Overall, the pacing of the book is realistically paced, the development of characters and plot both mature nicely, the love scenes were well balanced between sensual and sexual, and the supporting characters storylines were developed to a point of wanting to know more about them (unlike some supporting characters, the characters in this book aren’t little blocks of wood trotted out just to flesh out the plot, they have their time in scenes and the were interesting backgrounds that make you want to get to know them too). One thing that really stood out to me was that Alex’s “voice” and “tone” were very strong without being overbearing, that he had very deft turns of phrase that were evocative and intriguing and those added to the other elements of the book make this an enjoyable and memorable book. And, I can definitely attest to the fact that I want more!

19 Oct 2019

Quality vs Quantity

Hello readers!

Previously, I updated you all on my progress getting reviews for Fallen Love, releasing the cover, and modernising my marketing platform and author brand. I am making steady progress on that, with a new review going up on Goodreads this weekend (more are coming!) I even have a cover for the Vampire Eirik, which I am polishing with my designer.

The purpose of this post, however, is slightly different. I want to talk about strategy in self-publishing, and specifically, I want to answer questions like: How many books should an author be releasing? How much time and money should be spent on editing? What about covers and blurbs?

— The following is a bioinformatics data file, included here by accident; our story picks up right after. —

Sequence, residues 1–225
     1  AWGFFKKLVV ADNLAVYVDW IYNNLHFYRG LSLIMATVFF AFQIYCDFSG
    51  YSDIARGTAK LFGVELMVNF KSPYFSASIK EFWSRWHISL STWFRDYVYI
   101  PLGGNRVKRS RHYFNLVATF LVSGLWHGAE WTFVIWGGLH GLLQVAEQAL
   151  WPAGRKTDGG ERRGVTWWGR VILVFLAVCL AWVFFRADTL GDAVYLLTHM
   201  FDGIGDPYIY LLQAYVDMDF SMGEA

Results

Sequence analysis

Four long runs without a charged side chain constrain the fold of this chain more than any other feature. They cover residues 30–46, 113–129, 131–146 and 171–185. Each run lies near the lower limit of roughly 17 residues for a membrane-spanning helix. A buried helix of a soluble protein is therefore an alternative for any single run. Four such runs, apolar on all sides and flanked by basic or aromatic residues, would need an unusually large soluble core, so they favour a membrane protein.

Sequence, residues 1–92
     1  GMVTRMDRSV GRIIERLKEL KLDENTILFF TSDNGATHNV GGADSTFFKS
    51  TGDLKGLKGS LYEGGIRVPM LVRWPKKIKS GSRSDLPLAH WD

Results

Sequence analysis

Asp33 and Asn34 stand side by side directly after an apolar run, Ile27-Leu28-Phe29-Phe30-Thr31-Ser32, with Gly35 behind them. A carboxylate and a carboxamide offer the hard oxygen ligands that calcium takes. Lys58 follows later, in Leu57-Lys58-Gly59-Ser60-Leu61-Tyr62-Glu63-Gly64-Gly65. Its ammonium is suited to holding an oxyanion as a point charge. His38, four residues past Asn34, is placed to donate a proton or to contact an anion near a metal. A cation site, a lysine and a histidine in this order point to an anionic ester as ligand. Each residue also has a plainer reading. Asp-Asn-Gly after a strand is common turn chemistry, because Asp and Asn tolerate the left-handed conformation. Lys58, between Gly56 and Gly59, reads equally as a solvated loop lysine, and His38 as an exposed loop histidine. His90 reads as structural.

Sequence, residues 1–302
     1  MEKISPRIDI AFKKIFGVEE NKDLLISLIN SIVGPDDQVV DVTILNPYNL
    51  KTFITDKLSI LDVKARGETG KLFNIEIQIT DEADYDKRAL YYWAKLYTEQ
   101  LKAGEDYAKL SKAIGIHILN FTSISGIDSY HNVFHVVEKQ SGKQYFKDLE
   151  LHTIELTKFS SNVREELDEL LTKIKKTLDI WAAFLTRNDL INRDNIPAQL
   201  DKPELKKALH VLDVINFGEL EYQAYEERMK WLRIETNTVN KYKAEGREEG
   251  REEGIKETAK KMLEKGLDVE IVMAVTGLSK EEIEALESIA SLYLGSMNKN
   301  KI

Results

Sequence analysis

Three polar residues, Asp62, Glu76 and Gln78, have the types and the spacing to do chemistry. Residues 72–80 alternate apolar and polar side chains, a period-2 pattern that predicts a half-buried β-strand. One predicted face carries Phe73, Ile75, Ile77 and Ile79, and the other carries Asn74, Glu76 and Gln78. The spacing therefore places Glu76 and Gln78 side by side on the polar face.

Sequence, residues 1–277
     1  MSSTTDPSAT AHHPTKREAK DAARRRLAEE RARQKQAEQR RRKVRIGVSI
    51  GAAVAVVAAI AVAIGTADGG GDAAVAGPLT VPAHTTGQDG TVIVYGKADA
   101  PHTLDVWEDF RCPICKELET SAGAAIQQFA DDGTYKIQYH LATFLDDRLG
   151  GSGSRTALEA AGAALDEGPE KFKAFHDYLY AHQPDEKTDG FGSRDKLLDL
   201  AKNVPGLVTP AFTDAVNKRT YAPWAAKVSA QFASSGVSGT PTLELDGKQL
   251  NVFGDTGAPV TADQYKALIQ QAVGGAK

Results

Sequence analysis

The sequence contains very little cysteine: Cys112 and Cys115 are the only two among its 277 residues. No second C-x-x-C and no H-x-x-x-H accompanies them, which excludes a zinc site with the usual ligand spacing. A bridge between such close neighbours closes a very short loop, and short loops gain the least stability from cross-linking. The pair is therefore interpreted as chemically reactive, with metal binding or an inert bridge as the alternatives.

The lay reader’s response to these questions tends to be simple: a book should be as good as possible. It should be typo-free and well-edited; the cover should be the wow. These attitudes are often shared by big publishers as well. This approach is well-intentioned... but it is not always the correct approach. Or at least, the reality is more complex, and certain trade-offs have to be made.

The self-publishing business model is very, very different from that of the traditional model—and neither readers nor trade publishers really understand it. Some differences are obvious: self-published authors rely hugely on ebook sales, and for most, the profits from print books constitute only a small part of their income. Trade publishers, on the other hand, overprice their ebooks—they want ebooks to be a cash-cow in the way hardbacks are, instead of being mass-market products like paperbacks.

I can recall, with mirth, that time five years ago when I released my first book, the Necromancer. One of my readers at school came up and told me that I must surely make more money on the print books I was selling in school, rather than the ebooks on Amazon. I corrected her, informing her that my profit on the paperback was half what I made on the ebook, thanks to high printing costs and delivery.

Anyway, I am digressing. I would like to return my original point: that the self-publishing business model, unlike trade publishing, requires authors to publish more books in order to be successful. Put simply, self-published authors generate exposure for their books—a marketing term for how “out there” your work is—by having cheap ebooks on sale.